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DOVE OF PEACE

Father Francis's picture
Saint Columba

The little island of Iona, off the west coast of Scotland, seems an unlikely choice of headquarters for any enterprise. But it became a stronghold of faith and the hub of Christianity because of an lrish monk.

Born in Donegal around 520 and ordained at the age of 25, Columba set out on a preaching mission travelling the length and breadth of Ireland. He attracted many followers and with their help founded several monasteries, notably the great houses of Durrow and Kells.

It is not known for certain why Columba chose to leave his native land but at the age of 42 he crossed the sea to Scotland accompanied by a small group of monks. Preaching the peaceful message of Christianity, he quickly won over the warlike Picts who gave him the island of Iona to establish a permanent base, and there he built his monastery.

On their remote island the monks lived a simple life, following the customs of the Celtic Church and the Rule which Columba drew up for them. They prayed, studied and copied the scriptures, and did manual work such as farming and fishing. The monastery became a centre of learning and devotion, attracting many pilgrims, while kings and princes came to ask Columba's advice and Royal sons were sent to Iona to be educated.

It was also a centre for missionary activity. Churches and monasteries were founded and Columba trained many missionaries who were to carry the Gospel message even further. One of them was St. Aidan, who founded a similar monastery on Lindisfarne and converted the English people of Northumbria. He never liked to waste time, but was always busy praying, reading, writing or preaching.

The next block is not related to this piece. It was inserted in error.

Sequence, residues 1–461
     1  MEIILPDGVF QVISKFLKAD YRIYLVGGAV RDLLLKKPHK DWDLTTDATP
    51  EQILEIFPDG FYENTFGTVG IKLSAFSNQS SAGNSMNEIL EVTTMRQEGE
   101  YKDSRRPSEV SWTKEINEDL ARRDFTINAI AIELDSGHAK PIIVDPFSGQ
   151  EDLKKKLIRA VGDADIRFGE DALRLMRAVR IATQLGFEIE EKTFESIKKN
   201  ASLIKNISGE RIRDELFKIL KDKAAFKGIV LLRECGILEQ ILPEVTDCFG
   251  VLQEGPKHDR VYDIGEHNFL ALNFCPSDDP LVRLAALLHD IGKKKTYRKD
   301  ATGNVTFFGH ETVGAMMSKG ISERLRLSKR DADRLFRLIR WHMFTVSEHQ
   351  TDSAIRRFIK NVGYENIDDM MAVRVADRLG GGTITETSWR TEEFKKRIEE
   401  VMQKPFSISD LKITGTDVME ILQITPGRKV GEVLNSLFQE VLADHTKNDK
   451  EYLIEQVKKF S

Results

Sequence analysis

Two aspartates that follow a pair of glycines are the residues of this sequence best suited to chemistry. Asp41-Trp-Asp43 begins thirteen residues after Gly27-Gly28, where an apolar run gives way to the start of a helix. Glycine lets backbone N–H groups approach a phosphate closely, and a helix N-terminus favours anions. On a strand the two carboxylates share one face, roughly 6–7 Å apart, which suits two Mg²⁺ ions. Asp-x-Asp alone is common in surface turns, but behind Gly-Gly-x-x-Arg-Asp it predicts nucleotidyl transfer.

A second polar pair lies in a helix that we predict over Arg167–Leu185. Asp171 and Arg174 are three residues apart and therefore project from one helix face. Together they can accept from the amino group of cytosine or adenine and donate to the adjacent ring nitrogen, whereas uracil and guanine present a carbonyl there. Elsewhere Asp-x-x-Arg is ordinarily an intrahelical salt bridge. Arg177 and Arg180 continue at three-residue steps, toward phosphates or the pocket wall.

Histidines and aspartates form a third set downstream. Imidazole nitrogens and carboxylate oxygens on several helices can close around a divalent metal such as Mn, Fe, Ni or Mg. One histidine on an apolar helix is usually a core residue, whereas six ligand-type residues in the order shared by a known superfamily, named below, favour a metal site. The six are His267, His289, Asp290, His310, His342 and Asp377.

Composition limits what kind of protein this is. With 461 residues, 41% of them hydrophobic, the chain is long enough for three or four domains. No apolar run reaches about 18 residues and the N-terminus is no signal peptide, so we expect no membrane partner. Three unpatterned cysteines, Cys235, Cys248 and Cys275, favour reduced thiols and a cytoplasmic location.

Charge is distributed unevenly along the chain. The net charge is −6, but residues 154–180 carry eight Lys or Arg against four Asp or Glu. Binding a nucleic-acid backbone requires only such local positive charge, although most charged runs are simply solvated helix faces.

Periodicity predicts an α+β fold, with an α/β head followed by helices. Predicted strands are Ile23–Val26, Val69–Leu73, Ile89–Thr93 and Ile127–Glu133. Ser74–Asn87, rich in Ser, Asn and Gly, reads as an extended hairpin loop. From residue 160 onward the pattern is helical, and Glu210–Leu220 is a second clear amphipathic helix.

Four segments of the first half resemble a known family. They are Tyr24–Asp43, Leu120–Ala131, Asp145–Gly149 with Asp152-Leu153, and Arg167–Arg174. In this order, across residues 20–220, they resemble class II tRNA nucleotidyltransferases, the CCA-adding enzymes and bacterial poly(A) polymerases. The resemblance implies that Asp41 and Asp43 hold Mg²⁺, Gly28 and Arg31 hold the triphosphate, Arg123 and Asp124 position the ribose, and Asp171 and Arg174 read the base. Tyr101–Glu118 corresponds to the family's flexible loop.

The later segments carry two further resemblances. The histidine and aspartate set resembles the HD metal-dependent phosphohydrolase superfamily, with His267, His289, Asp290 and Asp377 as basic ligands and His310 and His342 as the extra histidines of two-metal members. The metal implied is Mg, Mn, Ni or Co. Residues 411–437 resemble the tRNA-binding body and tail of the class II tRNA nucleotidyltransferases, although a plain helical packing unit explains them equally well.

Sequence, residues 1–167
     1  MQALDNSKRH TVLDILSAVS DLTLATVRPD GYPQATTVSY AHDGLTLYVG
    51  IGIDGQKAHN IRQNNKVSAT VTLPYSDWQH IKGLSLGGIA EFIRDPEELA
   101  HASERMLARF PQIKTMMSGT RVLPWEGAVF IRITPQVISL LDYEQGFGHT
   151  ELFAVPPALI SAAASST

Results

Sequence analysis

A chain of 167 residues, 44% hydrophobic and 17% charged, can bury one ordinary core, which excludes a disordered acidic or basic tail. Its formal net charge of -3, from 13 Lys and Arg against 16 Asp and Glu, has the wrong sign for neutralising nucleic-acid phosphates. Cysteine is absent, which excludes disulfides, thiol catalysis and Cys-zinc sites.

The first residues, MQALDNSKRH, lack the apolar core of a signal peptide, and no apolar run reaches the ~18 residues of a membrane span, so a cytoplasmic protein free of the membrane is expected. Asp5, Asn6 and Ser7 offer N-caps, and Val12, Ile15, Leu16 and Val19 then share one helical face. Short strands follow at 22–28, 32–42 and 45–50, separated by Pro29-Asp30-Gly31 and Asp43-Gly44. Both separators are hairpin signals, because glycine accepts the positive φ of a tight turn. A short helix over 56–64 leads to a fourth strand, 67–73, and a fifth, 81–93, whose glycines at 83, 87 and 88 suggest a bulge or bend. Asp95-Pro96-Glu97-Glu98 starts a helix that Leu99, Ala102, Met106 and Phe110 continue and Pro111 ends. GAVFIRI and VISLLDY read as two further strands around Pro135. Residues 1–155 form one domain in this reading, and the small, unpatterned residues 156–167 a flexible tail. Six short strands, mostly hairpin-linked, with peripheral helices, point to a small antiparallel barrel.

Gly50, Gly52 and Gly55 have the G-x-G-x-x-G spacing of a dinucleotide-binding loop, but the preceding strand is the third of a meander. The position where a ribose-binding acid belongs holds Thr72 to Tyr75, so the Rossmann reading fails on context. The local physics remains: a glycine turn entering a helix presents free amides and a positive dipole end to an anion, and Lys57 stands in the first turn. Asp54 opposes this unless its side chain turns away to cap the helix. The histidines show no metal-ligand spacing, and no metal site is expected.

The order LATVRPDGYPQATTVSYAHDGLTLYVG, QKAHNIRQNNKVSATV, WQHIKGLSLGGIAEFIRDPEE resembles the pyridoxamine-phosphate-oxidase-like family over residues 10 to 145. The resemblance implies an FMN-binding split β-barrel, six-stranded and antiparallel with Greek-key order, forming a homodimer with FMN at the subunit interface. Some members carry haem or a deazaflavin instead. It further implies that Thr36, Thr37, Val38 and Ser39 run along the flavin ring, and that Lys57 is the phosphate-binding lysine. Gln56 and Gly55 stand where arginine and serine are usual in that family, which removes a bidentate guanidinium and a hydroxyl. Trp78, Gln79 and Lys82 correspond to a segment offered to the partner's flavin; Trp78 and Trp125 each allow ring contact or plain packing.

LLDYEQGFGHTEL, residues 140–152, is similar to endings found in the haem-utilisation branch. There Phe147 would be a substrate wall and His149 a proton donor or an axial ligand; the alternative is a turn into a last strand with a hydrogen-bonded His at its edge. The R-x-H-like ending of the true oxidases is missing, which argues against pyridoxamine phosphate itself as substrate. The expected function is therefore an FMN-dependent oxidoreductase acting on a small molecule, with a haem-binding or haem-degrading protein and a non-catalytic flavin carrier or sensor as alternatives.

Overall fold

The name Columba means 'little dove' which suggests a man of peace although the description suits this gentle saint who won people's hearts by bringing charity and peace to all he met.

No doubt he found his inner peace in the solitude of Iona, loving the beauty of God's creation and seeming to have a special affinity with all living creatures.

Columba left this world on 7 June 597, dying at the altar of his church. His great achievement was the evangelisation of the North of Britain and, remarkably, another great missionary, St. Augustine, arrived in England at Pentecost in the same year.

Today, 1400 years later, Iona is still a place of prayer and pilgrimage. Our world still needs peace, but perhaps we need to learn from Columba that we can only bring peace to others when we have peace in our own hearts. We are not all called to the monastic life but we can try to find a balance in our lives, creating a little solitude somewhere in our daily life, so that God can fill us with His peace.

Saint Columba, pray for us.